Agile Requirements Management: Developing and Using Agile User Stories

Course Description

All agile methods are empirical in nature – they seek out validation and feedback as early, regularly and with as much fidelity as possible. This means requirements must be structured as increments of functionality which can be integrated, demonstrated and potentially released early and often. User Stories are the preferred practice for delivering these incremental requirements in a user centric, value focused way. Without well-written user stories, teams will struggle to realize the full benefits of agile. But learning to write, estimate and prioritise good user stories for all but the most trivial real world applications is not easy. In this course we present some of the concepts underlying the use of user stories including ‘Late Elaboration’ and collaboration to drive innovation. We cover the structure of user stories, acceptance criteria, their use in planning, ‘right-sizing’ them, estimation using story points, and value and risk based prioritization. We include several exercises where participants can practice creating good user stories, understand the differences between them and tradition requirements, try estimating them and apply them to a real-world project of their choosing.
1 days
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Prerequisites

No specific pre-requisite skills. This course is targeted at Product Owners but can also be useful for ScrumMasters, Project Managers, Product Managers and senior Development Team members involved in defining or managing requirements.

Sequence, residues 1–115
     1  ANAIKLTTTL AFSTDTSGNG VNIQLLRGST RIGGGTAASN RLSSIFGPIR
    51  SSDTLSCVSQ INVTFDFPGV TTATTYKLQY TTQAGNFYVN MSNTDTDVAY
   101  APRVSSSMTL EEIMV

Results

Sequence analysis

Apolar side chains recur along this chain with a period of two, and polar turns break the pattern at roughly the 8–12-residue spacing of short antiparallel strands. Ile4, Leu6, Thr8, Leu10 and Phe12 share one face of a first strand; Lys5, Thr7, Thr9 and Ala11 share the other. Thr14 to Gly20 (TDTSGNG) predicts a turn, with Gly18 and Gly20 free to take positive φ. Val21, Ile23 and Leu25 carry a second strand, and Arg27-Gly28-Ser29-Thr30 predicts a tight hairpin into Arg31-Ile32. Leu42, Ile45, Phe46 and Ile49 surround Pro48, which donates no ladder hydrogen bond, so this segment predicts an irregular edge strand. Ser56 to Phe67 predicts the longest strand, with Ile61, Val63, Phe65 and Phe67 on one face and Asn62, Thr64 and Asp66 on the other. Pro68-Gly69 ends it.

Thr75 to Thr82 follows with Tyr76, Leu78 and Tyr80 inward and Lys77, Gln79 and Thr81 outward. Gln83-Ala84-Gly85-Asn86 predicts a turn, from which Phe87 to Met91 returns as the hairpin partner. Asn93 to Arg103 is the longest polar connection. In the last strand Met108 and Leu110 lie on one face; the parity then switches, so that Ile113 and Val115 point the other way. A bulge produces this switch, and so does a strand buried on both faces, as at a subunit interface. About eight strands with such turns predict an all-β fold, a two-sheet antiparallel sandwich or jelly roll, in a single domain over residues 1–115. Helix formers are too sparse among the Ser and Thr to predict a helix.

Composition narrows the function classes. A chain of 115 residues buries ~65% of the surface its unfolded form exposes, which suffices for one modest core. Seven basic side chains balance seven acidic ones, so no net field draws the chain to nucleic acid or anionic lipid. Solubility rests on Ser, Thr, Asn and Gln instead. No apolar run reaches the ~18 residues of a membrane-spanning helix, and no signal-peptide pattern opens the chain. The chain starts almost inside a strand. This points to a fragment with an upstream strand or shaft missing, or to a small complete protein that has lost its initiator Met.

Summary course outline

Requirements development in Scrum

Defining your stakeholders and understanding their needs
The Product Vision

Exercise: Creating a Product Vision

From themes to epics/features to user stories and spikes – Late Elaboration for Agility
Defining Product Increments: Techniques for splitting stories
The INVEST criteria for user stories
Creating and refining the Product Backlog
User stories and acceptance criteria with examples

Exercise: Defining User stories with Acceptance Criteria

Patterns for splitting epics to stories

Exercise: Decomposing Epics to Stories

Prioritisation of user stories and other elements of the product backlog – defining value and risk
Defining Product and Release scope – Minimal Marketable Feature Set
Estimation
Relative Estimation, Story Points
Joint Estimation – Planning Poker

Exercise: Relative Estimation using Planning Poker and Triangulation

Workshop: 2 hour ‘Backlog Refinement’ on target in-house project

Agileagile programmingagile testingSoftware testingSoftware testUser storiesrequirements managementagile requirements managementagile user storiesrequirements gathering